This update gives us a few points from which we can adjust our valuation of the company.
With reserves of 465,000 MT, Input’s “assets” have substantially increased. Upfront payments have already been made for these tonnes, so the majority of the expense going forward is the crop payment. If we assume Input can sell these reserves for an average of $470/MT, this canola will provide revenue of $218,550,000.
Management predicted crop payments to average $86/MT as of September 30, 2016. This could increase though as contracts are structured differently to provide less cash upfront and more on delivery. If crop payments instead average $170/MT, buying these reserves will cost $79,050,000 in the future.
Combine these, and factor in a diluted share count of 89,150,609, and I calculate the future canola to be worth $1.56 per share. This money would need to be discounted to some extent to give a present value, but I maintain much of the current share price is backed by canola already “owned” by Input.
As of December 31, Input had $28,164,253 in cash. We know they made $9 million from selling canola, and they paid out $20.2 million for new streams. If we assume $86/MT for crop payments (management estimates should be accurate this close to the prediction), it’s another $1.623 million out.
Input also announced they closed the sale of 4320 acres of land. $1000/acre should be a conservative estimate, so this should add $4.32 million to cash.
Add in business cash expenses of $3 million and Input should report having $16,661,253 in net cash (no debt) at the end of the quarter – almost 19 cents per share. After the 1 cent dividend let’s say that leaves us 17 cents.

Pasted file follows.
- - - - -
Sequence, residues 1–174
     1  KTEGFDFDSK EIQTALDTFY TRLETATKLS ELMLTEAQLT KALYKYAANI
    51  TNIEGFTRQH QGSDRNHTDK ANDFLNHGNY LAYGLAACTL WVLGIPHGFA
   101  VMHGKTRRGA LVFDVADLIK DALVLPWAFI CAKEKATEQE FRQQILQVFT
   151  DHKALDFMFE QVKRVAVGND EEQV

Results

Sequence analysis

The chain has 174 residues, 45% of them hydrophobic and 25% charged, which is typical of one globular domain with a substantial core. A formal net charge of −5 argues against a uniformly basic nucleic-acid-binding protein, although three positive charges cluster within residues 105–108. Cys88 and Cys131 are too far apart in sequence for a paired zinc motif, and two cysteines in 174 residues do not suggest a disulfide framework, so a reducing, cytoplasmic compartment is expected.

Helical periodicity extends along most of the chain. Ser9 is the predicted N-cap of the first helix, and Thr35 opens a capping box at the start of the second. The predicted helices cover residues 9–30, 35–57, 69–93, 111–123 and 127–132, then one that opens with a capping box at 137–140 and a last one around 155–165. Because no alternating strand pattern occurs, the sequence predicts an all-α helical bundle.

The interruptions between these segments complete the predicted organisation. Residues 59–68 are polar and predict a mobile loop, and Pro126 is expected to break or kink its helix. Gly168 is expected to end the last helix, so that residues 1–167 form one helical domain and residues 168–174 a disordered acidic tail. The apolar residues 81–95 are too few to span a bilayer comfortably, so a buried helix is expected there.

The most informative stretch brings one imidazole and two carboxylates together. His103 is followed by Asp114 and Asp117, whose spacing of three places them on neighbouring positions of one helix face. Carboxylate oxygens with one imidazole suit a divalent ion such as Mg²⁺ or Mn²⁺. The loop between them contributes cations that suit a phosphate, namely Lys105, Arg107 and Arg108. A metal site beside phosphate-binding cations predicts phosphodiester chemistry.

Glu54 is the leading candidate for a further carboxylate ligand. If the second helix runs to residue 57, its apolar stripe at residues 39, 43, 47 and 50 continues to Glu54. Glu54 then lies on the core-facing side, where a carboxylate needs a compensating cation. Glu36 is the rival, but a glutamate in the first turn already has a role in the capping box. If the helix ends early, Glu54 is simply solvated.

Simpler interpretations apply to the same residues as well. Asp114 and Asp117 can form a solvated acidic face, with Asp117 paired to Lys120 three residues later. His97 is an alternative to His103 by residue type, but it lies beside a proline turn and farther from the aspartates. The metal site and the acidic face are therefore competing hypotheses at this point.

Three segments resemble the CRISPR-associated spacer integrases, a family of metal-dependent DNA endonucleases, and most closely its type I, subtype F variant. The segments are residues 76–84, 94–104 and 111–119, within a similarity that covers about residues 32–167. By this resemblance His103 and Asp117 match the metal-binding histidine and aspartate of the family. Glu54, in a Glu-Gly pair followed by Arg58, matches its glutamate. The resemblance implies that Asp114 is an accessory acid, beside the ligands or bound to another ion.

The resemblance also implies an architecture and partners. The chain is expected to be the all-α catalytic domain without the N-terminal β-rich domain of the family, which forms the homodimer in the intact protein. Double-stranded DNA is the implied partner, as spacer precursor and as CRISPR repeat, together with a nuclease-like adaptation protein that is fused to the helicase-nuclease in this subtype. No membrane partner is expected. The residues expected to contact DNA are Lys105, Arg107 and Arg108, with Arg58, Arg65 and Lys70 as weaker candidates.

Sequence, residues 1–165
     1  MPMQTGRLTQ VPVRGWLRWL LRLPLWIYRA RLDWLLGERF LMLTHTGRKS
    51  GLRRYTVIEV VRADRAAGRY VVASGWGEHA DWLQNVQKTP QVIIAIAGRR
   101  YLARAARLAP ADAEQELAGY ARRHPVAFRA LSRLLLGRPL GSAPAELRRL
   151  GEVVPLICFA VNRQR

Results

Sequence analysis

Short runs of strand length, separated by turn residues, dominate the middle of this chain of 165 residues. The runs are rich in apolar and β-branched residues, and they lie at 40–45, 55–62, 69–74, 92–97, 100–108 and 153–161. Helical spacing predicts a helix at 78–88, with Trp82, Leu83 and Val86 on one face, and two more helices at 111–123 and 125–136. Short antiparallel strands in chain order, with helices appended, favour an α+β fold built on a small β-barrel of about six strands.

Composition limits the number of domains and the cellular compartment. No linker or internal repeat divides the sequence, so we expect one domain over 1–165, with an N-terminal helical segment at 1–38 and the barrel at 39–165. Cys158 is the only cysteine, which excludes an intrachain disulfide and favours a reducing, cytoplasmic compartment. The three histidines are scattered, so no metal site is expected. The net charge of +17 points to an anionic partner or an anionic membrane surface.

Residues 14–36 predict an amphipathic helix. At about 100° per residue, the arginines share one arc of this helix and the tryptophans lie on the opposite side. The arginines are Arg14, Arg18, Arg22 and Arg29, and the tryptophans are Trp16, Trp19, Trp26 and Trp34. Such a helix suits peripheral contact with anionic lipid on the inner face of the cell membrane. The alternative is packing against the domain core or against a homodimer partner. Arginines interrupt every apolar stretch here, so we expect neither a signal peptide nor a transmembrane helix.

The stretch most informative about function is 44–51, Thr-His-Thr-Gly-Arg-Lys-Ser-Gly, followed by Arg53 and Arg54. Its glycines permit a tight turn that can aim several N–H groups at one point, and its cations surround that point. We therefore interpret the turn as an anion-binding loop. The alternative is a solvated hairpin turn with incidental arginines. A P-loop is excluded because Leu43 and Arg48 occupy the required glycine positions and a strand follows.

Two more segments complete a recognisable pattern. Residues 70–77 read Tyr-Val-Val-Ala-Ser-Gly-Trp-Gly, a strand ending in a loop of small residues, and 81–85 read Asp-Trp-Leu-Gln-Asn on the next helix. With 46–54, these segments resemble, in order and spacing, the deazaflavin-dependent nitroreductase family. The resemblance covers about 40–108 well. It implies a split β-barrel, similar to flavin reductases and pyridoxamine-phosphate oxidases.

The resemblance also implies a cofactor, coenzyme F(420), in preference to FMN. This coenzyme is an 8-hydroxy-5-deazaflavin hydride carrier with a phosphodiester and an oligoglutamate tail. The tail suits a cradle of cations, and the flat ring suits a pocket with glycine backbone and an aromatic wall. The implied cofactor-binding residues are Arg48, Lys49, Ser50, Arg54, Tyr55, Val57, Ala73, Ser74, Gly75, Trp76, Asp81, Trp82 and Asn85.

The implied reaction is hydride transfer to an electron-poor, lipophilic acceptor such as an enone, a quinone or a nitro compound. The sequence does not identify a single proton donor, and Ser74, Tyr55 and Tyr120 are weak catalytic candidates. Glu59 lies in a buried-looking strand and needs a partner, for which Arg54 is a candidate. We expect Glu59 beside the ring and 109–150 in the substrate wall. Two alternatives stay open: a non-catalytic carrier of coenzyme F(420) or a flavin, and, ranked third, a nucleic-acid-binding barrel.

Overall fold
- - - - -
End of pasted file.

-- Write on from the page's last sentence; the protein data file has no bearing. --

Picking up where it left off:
Future canola worth roughly $1.56 and cash at 0.17 makes “book value” $1.73 per share. Buying at $2.00 means you’re buying all that canola and cash and then only paying $0.27 for the business and management team going forward.
Shares ran up about 5% since the update, but I bought around this price and I think it’s still very undervalued here. Having no peers and not having the latest cash flow numbers makes me uncomfortable trying to pin down a potential return from INP over the next year like I could with Integrated Asset Management, but I can show you management’s estimates again.
In a presentation in January, Input predicted selling 65,000 MT of canola in fiscal 2017, leading to 24 cents in cash flow.
So far this year they have sold ~44,000 MT of canola for approximately their predicted sale price. In 2016 Input sold 16,166 MT from April 1 to September 30. Repeating that will leave Input at ~60,000 for the year. At .37 cents of cash flow (based on the above estimate) per 1000 MTs sold, Input should end the year with 22 cents of operating cash flow. This should be conservative, since last year was a down year with the loss of the defaulted or bought down streams, which are now mostly replaced.
At the current $2.00, shares are trading at 9x 2017’s predicted cash flow. Ending 2017 at 10x cash flow should be reasonable, so $2.20, and buying now you’ll collect 2 cents in dividends, giving new investors an 11% return by September 30th. In subsequent years any quarterly updates like this will only add to my excitement holding this stock, and add to the potential returns.
Disclosure – Long INP.